The proposed plan introduces electronic medication in healthcare facilities to reduce ADEs. The first implementation plan will identify the desired outcomes after implementing the plan. The first desired outcome is increased patient safety after introducing electronic medication. Other expected outcomes will be reduced ambulatory visits and infection risks. The second step in implementing the proposal will be identifying areas that will be affected by the change. Thirdly, the implementation team will craft a working plan that defines time frames for each task within the change and assign responsibilities to different individuals. Afterward, the management will allocate a budget that will be used in implementing the change process. A process and outcome analysis will be initiated during the implementation to ensure the program aligns with initial goals.

The use of Evidence-Based Practice in Creating the Plan

Robust research on the implementation of a project was conducted before the implementation plan was adopted. During implementation, the stakeholders first identify required goals before embarking on a work plan that will lead to the achievement of the project. A risk assessment is also conducted before a budget is allocated for the project.

Evaluating the Intervention

The intervention plan will be evaluated based on the desired goals set at the start of the implementation process. For instance, the plan is expected to increase patient safety by improving quality care, reducing ambulatory visits, and lowering healthcare costs. After implementation, the change team will research whether these objectives were met. Besides measuring the outcomes, the change team will evaluate the impact to determine patients’ perspectives on the new intervention. Data for evaluation will be collected from medical records, observations, and interviews Evidence-based Intervention Professional Presentation Paper.

Potential Barriers

One of the potential barriers to implementing the initiative is financial constraints. Some healthcare facilities may lack enough funds to support electronic medication or e-prescribing. Secondly, insufficient expertise to implement the initiative could also hinder attaining intended goals. Lastly, electronic medication is susceptible to cyber-attacks, and thus, organizations will have to invest more in data security measures, which could add to operational costs



Bugnon, B., Geissbuhler, A., Bischoff, T., Bonnabry, P., & von Plessen, C. (2021). Improving primary care medication processes by using shared electronic medication plans in Switzerland: Lessons learned from a participatory action research study. JMIR Formative Research, 5(1). https://doi.org/10.2196/22319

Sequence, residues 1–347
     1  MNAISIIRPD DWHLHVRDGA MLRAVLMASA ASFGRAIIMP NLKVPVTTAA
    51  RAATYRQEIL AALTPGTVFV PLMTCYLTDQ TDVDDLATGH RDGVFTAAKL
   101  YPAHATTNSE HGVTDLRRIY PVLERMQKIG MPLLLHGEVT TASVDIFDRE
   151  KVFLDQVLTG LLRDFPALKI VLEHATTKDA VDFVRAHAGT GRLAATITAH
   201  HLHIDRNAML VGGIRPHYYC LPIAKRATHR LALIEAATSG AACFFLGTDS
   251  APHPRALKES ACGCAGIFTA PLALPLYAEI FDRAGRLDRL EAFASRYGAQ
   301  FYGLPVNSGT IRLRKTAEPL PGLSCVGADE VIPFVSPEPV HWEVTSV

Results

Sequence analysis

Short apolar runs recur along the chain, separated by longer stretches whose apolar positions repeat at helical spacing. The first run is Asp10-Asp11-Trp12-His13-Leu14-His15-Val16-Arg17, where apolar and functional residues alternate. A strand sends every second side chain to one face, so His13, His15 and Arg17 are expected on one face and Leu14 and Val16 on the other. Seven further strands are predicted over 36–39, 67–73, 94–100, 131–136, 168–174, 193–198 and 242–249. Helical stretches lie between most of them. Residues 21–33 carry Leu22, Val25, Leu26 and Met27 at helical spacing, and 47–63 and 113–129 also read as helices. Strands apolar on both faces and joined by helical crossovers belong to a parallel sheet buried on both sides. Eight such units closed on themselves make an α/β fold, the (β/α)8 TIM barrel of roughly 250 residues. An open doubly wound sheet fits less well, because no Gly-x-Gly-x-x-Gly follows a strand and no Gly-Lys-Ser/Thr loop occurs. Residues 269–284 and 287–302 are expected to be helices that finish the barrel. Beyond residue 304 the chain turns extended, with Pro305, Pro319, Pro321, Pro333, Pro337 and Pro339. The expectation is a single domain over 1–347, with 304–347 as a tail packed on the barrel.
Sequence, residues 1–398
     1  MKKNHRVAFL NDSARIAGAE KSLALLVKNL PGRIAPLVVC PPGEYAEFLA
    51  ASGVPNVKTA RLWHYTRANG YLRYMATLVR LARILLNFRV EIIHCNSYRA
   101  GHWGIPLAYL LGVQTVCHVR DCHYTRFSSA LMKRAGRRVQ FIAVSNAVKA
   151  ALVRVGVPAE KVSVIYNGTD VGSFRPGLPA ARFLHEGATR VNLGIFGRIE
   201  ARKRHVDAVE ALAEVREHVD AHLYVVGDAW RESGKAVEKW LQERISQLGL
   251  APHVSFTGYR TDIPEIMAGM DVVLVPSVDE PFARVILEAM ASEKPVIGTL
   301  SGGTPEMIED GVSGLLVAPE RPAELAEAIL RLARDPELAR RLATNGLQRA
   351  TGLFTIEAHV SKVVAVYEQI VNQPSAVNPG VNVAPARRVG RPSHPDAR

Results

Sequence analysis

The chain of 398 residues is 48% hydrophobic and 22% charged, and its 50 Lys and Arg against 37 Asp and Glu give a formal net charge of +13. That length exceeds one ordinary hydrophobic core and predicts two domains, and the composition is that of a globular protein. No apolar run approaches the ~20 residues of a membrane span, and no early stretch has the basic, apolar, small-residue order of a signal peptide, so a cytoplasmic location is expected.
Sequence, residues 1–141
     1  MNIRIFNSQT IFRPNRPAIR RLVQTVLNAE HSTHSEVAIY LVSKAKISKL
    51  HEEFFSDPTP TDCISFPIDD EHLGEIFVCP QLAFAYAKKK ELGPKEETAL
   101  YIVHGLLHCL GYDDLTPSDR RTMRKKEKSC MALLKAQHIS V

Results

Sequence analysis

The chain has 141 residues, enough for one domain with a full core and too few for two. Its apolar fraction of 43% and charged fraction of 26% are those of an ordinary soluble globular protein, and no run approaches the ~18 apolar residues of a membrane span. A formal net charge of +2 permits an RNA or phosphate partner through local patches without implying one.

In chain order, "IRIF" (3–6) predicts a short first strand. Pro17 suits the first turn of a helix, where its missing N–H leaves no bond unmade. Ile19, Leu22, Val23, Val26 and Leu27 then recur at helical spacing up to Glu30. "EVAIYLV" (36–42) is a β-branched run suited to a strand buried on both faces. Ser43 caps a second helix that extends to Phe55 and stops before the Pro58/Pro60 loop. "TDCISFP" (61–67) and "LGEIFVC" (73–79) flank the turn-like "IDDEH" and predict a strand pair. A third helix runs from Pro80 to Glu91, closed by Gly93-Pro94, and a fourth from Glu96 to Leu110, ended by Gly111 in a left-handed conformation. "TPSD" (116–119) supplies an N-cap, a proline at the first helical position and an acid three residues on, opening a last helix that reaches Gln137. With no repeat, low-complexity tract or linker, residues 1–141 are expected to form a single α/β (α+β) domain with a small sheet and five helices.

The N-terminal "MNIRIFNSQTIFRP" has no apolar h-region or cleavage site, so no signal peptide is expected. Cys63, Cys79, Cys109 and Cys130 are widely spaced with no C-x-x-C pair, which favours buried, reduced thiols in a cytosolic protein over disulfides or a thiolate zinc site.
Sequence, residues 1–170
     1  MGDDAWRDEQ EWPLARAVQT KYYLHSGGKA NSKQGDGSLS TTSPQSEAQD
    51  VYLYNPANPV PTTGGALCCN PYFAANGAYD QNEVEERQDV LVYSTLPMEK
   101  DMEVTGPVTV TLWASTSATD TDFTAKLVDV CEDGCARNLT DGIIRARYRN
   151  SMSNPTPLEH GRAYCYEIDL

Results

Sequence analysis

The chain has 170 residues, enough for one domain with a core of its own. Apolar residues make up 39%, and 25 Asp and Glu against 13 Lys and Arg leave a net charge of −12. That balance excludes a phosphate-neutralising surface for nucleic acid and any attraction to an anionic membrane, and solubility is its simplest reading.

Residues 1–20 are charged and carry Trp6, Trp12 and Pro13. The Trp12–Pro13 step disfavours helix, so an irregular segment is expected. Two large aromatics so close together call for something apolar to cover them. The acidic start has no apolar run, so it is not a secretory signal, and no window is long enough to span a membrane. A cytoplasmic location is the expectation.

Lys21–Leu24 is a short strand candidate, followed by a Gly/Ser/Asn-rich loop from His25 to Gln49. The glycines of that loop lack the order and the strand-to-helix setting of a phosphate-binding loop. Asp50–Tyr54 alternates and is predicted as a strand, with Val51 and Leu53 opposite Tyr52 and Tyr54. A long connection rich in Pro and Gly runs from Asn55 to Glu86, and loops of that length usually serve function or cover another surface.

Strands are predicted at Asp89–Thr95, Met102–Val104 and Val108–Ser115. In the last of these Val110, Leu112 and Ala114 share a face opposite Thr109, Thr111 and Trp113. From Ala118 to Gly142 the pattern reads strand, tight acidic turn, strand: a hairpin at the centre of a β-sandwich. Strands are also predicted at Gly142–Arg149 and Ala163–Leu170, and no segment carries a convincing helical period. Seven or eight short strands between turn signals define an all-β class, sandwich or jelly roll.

Fuller, A. E. C., Guirguis, L. M., Sadowski, C. A., & Makowsky, M. J. (2018). Electronic Medication Administration records in long‐term Care Facilities: A scoping review. Journal of the American Geriatrics Society, 66(7), 1428–1436. https://doi.org/10.1111/jgs.15384

Gregory, L. R., Lim, R., MacCullagh, L., Riley, T., Tuqiri, K., Heiler, J., & Peters, K. (2021). Intensive Care Nurses’ experiences with the new electronic medication administration record. Nursing Open, 9(3), 1895–1901. https://doi.org/10.1002/nop2.939

Kinlay, M., Ho, L. M., Zheng, W. Y., Burke, R., Juraskova, I., Moles, R., & Baysari, M. (2021). Electronic Medication Management Systems: Analysis of enhancements to reduce errors and improve workflow. Applied Clinical Informatics, 12(05), 1049–1060. https://doi.org/10.1055/s-0041-1739196

Lau, G., Ho, J., Lin, S., Yeoh, K., Wan, T., & Hodgkinson, M. (2018). Patient and clinician perspectives of an integrated electronic medication prescribing and dispensing system: A qualitative study at a multisite Australian Hospital Network. Health Information Management Journal, 48(1), 12–23. https://doi.org/10.1177/1833358317720601

Li, R., Zaidi, S. T., Chen, T., & Castelino, R. (2019). Effectiveness of interventions to improve adverse drug reaction reporting by healthcare professionals over the last decade: A systematic review. Pharmacoepidemiology and Drug Safety, 29(1), 1–8. https://doi.org/10.1002/pds.4906

Martin, P., Tamblyn, R., Benedetti, A., Ahmed, S., & Tannenbaum, C. (2018). Effect of a pharmacist-led educational intervention on inappropriate medication prescriptions in older adults. JAMA, 320(18), 1889. https://doi.org/10.1001/jama.2018.16131

Wang, H., Meng, L., Song, J., Yang, J., Li, J., & Qiu, F. (2018). Electronic medication reconciliation in hospitals: A systematic review and meta-analysis. European Journal of Hospital Pharmacy, 25(5), 245–25010.1136/ejhpharm-2017-001441

Evidence-based Intervention Professional Presentation Paper